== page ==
For years, I abhorred anything labeled Country Music. It brought to mind pop-country nightmares like Garth Brooks and Toby Keith. I liked the occasional Johnny Cash song, but it wasn't until I discovered artists like Bill Monroe and Townes van Zandt that I finally realized there was a whole new world of country music that could actually be considered respectable.
One such classic artist is Loretta Lynn, who burst onto the scene with her 1960 single “Honky Tonk Girl.” Sixteen years later she wrote her autobiography, which was adapted into the film “Coal Miner's Daughter” in 1980. The film garnered much acclaim, winning Sissy Spacek (who actually sings in the film) an Academy Award for Best Actress for her portrayal of the legend, and receiving six more Oscar nominations, including Best Picture.
The film plays tonight at the Clifton Center as part of the Wild and Woolly Video Monthly Film Series. Todd Brashear, owner of Wild and Woolly, was specific about why he wanted to show the film this month: “It's my wife's favorite movie, and... Loretta is a Kentucky legend,” he says. “My wife and I went to Butcher Holler years ago and it was definitely a pilgrimage for us. Loretta's brother gave us the tour and it was amazing to actually be there.”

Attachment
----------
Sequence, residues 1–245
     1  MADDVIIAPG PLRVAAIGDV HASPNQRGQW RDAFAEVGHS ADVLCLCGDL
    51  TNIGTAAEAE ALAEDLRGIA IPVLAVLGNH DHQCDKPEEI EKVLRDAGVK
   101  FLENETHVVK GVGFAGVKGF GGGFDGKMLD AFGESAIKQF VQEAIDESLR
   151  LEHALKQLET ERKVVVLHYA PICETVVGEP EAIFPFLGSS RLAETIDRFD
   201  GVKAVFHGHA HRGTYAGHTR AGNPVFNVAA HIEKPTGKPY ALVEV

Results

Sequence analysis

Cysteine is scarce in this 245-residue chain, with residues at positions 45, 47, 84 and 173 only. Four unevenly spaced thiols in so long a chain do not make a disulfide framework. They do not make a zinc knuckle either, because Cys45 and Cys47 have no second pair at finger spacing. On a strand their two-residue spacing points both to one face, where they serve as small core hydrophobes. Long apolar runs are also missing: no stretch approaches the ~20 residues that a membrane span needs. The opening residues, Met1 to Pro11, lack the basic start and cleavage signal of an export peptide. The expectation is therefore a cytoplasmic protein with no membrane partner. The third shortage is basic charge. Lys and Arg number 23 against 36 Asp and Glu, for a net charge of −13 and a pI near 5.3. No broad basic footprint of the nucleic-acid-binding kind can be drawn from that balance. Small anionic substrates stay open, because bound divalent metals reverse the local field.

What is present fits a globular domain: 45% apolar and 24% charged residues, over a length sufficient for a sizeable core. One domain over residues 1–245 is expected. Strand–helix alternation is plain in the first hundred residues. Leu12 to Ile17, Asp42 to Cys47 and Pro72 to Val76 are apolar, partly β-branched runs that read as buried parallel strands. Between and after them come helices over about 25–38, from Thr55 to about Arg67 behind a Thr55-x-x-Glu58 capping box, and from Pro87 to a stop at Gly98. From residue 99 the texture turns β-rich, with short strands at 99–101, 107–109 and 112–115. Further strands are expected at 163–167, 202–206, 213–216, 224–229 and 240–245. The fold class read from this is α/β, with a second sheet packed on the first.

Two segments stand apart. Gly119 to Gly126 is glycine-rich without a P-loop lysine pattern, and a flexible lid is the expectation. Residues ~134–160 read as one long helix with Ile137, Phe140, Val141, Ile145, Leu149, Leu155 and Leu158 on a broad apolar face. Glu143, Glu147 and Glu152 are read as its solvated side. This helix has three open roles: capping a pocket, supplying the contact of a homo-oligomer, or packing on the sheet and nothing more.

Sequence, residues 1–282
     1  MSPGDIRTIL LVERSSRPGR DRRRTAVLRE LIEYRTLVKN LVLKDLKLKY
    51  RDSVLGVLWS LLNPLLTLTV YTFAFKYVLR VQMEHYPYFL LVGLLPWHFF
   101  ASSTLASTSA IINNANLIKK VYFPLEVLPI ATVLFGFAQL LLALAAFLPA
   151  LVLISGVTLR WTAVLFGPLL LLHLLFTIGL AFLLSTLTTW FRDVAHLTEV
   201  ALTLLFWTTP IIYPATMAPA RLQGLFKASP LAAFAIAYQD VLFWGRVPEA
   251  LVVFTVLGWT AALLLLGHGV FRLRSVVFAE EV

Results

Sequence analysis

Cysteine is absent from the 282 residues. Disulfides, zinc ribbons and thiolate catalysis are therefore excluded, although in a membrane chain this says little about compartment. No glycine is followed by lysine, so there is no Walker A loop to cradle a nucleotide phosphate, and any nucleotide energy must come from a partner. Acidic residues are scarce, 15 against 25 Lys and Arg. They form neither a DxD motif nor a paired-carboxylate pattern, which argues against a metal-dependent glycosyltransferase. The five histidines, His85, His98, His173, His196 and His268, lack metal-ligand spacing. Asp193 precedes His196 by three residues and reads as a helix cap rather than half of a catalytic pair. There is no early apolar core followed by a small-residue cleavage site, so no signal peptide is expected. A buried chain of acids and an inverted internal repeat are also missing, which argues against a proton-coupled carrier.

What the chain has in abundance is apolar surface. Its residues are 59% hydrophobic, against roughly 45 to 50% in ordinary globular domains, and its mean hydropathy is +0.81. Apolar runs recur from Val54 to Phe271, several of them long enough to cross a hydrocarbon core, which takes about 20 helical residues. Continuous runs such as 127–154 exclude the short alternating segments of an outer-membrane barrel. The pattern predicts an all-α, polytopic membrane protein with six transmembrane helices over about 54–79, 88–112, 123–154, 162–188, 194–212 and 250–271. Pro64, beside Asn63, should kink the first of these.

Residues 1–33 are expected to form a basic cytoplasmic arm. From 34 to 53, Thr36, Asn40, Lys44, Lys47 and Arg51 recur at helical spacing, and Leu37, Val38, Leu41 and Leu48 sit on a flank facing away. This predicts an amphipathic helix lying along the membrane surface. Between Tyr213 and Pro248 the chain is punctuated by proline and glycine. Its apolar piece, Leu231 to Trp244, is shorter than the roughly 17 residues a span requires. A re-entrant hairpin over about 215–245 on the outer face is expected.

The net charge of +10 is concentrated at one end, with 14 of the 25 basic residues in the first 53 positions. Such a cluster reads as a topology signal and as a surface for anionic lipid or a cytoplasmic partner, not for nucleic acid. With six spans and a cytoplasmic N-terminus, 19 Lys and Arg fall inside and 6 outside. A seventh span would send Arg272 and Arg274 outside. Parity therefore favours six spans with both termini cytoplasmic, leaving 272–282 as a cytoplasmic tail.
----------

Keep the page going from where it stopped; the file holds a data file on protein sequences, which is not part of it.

“Coal Miner's Daughter” plays at 7:00 this evening; a cash bar will be open at 6:00. Admission is free for Friends of the Clifton Center and $5.00 for the general public. The Clifton Center is located at 2117 Payne Street. Tickets can be bought at the Clifton Center, at Wild and Woolly Video, or at the Clifton Center's website.
Image: Internet Movie Database